‘Succession’ Nailed its Brutal Tale of a Legacy Undoing Itself
Jesse Armstrong’s prestige drama was so driven by winning that it could only ever be about loss.
NOTE: This post contains spoilers for the entirety of Succession, streaming on Max.
Good stories are designed with a simple purpose: to take readers from Point A to Point B. Maybe they impart some wisdom, inspiration, or entertainment while unfolding, but if they don’t at least pick us up and travel, they’re practically D.O.A.
It’s impressive, then, that Succession—a show that underlines our inclinations towards negative cycles and the inability to change—has taken its viewers to such a variety of places.
The titular sibling rivalry to take daddy’s place at the top of the Roy media empire was an easy vehicle to hop in. It’s the juiciest sort of reality TV fodder, even if we’ve all long been burnt out on watching delusional billionaires make terrible decisions.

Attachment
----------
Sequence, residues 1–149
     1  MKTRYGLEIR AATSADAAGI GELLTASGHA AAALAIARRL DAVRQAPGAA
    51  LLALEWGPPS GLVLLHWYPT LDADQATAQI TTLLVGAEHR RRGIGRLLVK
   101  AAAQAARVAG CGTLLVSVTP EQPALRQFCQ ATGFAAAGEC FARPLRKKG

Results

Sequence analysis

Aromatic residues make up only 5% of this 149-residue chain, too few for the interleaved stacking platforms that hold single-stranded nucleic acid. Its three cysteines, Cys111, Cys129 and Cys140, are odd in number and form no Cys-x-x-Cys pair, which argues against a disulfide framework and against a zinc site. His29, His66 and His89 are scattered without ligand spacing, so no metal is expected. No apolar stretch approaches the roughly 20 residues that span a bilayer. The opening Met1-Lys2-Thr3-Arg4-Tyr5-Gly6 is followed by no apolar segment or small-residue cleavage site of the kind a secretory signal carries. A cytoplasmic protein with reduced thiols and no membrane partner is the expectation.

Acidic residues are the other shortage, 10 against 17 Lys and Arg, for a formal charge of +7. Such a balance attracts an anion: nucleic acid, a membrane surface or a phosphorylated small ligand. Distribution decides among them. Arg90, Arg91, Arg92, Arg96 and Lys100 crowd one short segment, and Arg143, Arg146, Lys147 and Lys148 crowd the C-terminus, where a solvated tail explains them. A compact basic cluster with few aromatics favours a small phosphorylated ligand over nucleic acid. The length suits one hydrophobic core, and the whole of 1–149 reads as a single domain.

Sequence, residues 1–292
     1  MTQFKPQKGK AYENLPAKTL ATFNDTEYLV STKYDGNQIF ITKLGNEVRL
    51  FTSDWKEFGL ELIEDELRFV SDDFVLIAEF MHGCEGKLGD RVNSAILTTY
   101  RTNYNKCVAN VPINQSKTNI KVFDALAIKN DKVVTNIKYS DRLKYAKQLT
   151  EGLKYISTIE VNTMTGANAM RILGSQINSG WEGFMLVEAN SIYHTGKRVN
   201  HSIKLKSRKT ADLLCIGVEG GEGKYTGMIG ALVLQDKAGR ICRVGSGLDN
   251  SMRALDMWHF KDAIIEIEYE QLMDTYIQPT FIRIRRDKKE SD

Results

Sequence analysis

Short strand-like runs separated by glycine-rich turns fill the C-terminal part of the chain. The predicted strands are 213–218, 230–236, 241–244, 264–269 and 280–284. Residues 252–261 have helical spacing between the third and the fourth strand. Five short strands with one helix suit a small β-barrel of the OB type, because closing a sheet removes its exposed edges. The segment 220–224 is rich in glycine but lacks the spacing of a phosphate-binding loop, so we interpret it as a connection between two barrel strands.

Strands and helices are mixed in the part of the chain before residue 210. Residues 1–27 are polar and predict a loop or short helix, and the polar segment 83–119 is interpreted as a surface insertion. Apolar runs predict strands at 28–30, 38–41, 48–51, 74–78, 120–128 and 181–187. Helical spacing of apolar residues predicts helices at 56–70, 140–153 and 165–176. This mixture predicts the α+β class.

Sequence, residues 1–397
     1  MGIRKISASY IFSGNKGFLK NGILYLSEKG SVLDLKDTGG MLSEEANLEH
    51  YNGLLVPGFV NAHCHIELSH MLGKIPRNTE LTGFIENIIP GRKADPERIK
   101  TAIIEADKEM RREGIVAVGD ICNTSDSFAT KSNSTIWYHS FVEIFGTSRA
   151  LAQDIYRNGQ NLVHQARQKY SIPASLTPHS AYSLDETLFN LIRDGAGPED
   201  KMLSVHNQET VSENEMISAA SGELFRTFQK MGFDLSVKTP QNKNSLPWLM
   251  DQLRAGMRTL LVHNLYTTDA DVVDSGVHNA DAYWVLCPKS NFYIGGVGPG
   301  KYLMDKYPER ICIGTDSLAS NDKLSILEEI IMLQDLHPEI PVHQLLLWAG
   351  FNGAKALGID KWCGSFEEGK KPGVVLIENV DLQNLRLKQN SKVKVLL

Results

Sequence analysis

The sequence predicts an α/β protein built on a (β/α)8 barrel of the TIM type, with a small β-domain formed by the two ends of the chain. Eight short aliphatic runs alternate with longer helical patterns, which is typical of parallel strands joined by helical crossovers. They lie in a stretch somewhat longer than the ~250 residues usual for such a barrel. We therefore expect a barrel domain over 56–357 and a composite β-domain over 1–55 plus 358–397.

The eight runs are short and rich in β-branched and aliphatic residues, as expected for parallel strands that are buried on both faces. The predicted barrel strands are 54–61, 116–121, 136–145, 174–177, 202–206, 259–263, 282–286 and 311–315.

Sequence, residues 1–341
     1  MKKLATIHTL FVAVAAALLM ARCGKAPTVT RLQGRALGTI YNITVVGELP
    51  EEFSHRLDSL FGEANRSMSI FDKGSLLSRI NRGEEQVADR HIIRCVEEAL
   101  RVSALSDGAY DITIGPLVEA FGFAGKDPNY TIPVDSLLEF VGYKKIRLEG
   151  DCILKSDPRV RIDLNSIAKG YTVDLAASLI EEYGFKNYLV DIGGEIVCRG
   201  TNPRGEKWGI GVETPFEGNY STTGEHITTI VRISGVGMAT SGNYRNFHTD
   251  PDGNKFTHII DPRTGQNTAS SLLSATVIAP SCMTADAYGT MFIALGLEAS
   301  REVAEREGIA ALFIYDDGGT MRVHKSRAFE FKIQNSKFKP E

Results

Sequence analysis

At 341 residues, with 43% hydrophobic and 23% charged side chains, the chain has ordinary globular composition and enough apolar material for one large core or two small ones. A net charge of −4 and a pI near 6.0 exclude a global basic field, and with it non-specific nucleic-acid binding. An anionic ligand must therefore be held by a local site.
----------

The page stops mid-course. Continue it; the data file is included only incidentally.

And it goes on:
This is where series creator Jesse Armstrong and his team of writers come in, with an array of emotional baggage and generational trauma that happen to be set among the austere penthouses and yachts and islands of the world. On Succession, the only things more barbed than the betrayals are the jokes — and those are mostly to laugh to keep from throwing oneself off the top of the WayStar RoyCo building.
Logan Roy (Brian Cox), if pressed, would irritably insist his kids’ lives aren’t in the least bit tragic. Charmed in all the ways a young Logan never experienced, his children — Connor (Alan Ruck), Kendall (Jeremy Strong), Shiv (Sarah Snook), and Roman (Kieran Culkin) — were raised as the 1% of the 1%.
The emotional math is more brutal: Wealth and influence aside, Logan also gave his kids a bounty of neglect, manipulation, abuse, and fear. It’s no wonder that when he eventually blocked their voting power in the sale of the company and yelled at them to “make [their] own pile,” they were ill-equipped and returned his tactical ugliness in kind.